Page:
Monthly Archives: July 2014

The Real Truth About Fattist Folk

A mean lady wrote a pretty terrible confessional in the Daily Mail this week. And when you have a habit of talking about women and body image as I do, then the phone starts to ring with people asking you to discuss things like that.

Except I don’t really like to. Because I was at one point a secret Fattist myself.

I was in a wheelchair from the age of 26. I was in it for a few years. I didn’t like it much so I tried lots of ways to get cured so I could get out of it. One of these treatments was abroad. It involved changing flights at Atlanta airport in Georgia, USA.

I hadn’t been out of the house for 18 months at this stage. So people in general were quite a shock to the system. I wasn’t used to them staring at me, because I’d been housebound since being disabled so I wasn’t around anyone except my mum. And people did stare. They stared at the chair. They stared at me because I weighed 6 stone and despite being 5’9″ could only wear children’s clothes.

When I got to Georgia I was told (in a slooooow LOUD voice because people in wheelchairs are seemingly always addressed in sloooow LOUD voices) that my wheelchair had been misplaced in transit, so I’d have to wait for an airport-issued one. And someone to push it.

It became clear pretty quickly that this wasn’t going to happen. Because all of the airport-issued wheelchairs were taken. By people who were too big to walk around such a large airport.

I was really confused by this. Because I was actually disabled rather than just unable to walk long distances due to my weight. I was carried, (I kid you not, luckily for them I weighed as much as a child) to an airport sofa. Where I proceeded to watch as some of the largest people I have ever seen in my life were wheeled away to their connecting flights.

Eventually a very old wheelchair was found and two members of airport staff were grabbed by an air stewardess and asked to push me through passport control. They were not best pleased by the request. They were also confusingly just as heavy-if not more so- than the ones being pushed around in chairs. These lasses truly did not want to push my rickety old wheelchair around such a vast airport. And fair play to them, because it looked like it was going to be very hard work. Which began a round of My Most Favourite Conversation Ever:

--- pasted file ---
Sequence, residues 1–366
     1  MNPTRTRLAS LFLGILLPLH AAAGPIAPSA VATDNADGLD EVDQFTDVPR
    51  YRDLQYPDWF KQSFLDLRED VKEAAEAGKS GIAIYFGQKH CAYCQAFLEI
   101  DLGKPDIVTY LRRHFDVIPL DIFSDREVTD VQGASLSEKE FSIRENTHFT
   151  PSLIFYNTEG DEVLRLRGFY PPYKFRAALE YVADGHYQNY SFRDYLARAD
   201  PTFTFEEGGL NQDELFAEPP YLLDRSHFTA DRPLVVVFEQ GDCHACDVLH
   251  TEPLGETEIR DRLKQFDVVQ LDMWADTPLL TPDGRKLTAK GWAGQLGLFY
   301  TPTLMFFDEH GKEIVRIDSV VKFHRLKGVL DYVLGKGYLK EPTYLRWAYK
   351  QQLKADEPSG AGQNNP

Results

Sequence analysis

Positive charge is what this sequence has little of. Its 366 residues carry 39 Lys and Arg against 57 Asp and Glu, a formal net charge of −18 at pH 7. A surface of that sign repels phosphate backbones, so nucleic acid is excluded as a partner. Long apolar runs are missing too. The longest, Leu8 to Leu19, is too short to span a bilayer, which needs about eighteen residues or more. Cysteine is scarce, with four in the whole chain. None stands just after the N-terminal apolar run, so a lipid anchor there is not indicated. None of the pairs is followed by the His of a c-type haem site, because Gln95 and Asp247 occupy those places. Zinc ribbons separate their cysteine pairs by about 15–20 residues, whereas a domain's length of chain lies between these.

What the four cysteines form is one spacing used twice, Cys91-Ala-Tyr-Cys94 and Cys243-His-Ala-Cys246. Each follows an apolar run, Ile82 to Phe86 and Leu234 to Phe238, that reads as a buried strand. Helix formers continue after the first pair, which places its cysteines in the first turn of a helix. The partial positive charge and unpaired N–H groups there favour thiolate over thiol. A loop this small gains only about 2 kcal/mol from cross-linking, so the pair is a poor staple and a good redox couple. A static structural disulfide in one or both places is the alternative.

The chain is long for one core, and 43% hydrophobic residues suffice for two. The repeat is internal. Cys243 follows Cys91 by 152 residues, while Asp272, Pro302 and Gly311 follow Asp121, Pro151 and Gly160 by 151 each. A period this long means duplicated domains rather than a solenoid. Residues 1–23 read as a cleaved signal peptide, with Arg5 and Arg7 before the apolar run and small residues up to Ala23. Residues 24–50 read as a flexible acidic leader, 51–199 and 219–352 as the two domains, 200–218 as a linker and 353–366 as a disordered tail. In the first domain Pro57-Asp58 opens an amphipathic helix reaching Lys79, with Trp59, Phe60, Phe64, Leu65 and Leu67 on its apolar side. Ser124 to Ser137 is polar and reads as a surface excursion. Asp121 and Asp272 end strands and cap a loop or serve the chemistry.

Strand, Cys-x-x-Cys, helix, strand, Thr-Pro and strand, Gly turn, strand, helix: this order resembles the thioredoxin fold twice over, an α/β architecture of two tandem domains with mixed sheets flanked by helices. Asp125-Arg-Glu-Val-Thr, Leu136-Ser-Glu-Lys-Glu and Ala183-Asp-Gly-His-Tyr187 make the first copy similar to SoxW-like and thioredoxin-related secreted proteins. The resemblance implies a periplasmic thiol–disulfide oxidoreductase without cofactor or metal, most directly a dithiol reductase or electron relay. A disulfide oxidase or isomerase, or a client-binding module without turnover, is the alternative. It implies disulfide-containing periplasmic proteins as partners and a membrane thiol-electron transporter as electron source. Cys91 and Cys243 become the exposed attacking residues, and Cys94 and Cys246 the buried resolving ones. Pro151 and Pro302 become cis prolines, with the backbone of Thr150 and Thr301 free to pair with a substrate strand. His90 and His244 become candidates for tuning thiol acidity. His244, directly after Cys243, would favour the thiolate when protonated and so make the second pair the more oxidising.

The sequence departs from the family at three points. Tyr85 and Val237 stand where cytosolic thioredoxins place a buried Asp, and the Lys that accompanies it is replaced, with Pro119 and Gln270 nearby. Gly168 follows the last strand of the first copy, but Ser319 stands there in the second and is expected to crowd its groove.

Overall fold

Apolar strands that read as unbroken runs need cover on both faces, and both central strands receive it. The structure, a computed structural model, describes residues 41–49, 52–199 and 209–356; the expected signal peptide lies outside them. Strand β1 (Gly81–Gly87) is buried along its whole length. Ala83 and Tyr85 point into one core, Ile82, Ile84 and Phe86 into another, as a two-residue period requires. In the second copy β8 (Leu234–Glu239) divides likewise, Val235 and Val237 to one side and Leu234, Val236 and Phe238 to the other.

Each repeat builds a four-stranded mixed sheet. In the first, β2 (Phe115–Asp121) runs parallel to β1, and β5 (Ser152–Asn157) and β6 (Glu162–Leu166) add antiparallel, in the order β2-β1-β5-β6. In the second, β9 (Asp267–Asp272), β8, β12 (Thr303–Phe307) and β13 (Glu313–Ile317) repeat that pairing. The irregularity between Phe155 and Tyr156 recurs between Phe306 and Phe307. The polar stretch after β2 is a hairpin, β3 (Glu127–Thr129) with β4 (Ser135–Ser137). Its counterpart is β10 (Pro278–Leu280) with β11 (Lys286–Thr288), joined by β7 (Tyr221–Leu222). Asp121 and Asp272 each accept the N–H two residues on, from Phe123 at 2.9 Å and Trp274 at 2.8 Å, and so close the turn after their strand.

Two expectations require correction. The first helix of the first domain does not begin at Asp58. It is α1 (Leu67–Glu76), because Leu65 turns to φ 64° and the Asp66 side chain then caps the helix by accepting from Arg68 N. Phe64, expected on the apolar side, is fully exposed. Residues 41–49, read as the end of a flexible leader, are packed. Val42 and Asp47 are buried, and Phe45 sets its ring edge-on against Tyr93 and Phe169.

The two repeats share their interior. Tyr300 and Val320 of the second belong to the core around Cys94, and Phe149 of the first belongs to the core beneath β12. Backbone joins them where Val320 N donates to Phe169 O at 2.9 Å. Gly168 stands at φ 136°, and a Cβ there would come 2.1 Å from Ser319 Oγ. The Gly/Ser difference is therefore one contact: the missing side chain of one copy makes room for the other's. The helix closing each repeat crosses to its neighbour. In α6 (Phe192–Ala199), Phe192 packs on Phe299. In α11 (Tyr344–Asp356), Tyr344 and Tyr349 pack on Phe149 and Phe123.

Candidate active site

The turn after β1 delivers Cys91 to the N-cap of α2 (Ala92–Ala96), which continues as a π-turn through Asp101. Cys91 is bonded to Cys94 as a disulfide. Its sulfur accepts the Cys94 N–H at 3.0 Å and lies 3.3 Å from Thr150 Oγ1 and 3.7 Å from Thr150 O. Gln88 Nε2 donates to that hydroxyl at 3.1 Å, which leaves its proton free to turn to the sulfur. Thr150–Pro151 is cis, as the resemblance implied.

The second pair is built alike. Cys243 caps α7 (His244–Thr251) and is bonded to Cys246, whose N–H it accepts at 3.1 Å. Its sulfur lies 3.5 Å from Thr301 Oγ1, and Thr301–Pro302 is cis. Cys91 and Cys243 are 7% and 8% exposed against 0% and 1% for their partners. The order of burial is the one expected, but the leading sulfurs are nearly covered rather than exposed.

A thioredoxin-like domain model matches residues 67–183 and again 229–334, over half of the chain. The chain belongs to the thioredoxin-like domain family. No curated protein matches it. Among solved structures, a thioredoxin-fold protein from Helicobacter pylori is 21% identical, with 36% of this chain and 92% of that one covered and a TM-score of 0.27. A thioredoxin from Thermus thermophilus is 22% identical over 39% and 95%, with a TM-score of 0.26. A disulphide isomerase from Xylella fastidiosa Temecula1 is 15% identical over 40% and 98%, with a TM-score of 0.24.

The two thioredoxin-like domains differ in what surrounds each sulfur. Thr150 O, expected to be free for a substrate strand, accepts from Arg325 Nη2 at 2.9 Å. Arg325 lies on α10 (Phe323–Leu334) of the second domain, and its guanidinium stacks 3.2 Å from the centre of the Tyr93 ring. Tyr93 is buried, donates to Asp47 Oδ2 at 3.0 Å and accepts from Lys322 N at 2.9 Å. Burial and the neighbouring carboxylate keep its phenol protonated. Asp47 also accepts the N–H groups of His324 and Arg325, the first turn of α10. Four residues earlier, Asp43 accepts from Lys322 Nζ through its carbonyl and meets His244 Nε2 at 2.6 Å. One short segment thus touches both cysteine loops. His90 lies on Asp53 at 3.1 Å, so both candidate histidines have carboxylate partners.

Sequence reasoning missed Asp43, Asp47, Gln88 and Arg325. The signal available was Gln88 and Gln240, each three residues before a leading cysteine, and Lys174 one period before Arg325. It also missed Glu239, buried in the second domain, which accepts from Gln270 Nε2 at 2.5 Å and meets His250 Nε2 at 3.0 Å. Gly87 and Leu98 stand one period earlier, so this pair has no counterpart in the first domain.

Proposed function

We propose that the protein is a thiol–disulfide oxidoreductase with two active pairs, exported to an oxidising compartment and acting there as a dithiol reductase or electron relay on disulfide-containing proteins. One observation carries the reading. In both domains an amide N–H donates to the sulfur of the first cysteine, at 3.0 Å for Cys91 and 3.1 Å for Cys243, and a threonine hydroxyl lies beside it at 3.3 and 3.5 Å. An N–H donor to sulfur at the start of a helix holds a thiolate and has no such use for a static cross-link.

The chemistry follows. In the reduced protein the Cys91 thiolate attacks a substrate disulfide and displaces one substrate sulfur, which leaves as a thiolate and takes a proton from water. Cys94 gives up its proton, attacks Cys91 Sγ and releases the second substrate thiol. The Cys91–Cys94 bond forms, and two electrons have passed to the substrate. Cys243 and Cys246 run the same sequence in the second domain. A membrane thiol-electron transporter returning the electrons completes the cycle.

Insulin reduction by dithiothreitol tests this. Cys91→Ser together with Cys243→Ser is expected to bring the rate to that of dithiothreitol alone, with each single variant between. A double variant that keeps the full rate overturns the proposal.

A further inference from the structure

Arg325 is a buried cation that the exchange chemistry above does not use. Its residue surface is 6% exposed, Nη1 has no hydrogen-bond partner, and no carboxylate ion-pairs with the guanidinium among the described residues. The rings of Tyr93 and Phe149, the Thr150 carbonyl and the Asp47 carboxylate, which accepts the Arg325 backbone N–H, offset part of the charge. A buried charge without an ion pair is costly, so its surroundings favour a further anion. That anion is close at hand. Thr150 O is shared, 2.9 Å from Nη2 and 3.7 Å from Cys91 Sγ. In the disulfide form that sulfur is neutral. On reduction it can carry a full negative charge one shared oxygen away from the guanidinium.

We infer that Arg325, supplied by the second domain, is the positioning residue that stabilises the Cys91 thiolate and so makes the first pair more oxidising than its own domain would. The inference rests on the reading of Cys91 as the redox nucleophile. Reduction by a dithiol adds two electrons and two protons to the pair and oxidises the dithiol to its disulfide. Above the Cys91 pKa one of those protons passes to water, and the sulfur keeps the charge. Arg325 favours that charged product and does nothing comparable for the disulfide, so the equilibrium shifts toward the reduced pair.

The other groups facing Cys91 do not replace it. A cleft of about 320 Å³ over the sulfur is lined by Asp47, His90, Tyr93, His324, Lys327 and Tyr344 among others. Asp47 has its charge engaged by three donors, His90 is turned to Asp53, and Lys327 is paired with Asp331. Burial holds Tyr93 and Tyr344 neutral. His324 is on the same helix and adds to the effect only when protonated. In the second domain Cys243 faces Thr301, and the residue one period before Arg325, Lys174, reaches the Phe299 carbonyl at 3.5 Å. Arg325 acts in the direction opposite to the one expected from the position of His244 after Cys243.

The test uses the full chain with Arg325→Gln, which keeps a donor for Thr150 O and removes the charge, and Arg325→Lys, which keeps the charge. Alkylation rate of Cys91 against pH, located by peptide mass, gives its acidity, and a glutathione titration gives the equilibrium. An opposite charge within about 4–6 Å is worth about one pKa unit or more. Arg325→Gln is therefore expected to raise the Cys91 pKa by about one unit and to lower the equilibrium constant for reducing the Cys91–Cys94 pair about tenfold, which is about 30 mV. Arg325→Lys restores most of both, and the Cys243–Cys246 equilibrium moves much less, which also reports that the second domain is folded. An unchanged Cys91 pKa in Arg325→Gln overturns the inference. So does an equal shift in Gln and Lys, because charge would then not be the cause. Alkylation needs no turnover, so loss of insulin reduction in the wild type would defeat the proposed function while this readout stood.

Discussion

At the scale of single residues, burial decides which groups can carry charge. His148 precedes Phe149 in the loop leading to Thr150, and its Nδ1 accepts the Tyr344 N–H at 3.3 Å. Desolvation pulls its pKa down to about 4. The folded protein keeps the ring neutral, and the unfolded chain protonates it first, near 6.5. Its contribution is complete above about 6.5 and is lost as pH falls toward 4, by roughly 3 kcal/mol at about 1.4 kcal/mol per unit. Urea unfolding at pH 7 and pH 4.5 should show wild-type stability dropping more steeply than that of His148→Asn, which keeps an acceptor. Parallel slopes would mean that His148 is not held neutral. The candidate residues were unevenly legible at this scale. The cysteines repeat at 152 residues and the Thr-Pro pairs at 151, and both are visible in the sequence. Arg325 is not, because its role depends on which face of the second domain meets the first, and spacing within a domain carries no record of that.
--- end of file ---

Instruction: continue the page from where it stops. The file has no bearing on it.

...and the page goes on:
Staff Member 1: You push the cripple

Staff member 2: No man. YOU push the damn cripple.

After a few minutes No1 backed down so No2 did indeed push the damn cripple through passport control. where I enjoyed a round of My Most Favourite Conversation Ever: Part Two

Staff Member 2: Are you dying? Because you look like you dying.

Me: Hopefully not. But thanks terribly for asking.

Staff Member 2: Just so you know we ain’t going to the bathroom. I don’t get paid enough for that sh*t.

Me: Duly noted.

I’d never hated anyone before that day. And I’ve never hated anyone since. But I hated those women. I thought about them for so long afterwards. The things they had said. The way they looked at me. I hated people who I felt couldn’t be arsed to walk round a f*cking airport. I hated the staff who had deemed me less important than the fat people. And the fat airport staff members who had seen me as disgusting because I was too thin.

And I was incredibly wrong to do so.

And I only did it because I was very unhappy.

Nobody has the right to judge a person’s internal world on their external appearance. Not me, not the bigoted airport staff. Not a mean lady who happens to write for the Daily Mail. And any of us that do use someone’s outsides to appraise them is a very sad person with too much time on their hands.

I was a very sad person. I didn’t want to be in a wheelchair. I didn’t want my twenties to be like that. But they were. And I was so angry. I chose to direct that anger on the people standing right in front of me. On their appearance. Just like the mean lady in the Daily Mail.

Fattist folk are just unhappy people. That’s the truth of it. Happy people don’t have prejudices because they don’t spend their time fixated on the people that surround them. They just live their own happy lives. All prejudice comes from a deeply unhappy place inside ourselves. If we fix the sadness and hurt and anger by channeling it into more positive things?Then no one feels bad anymore.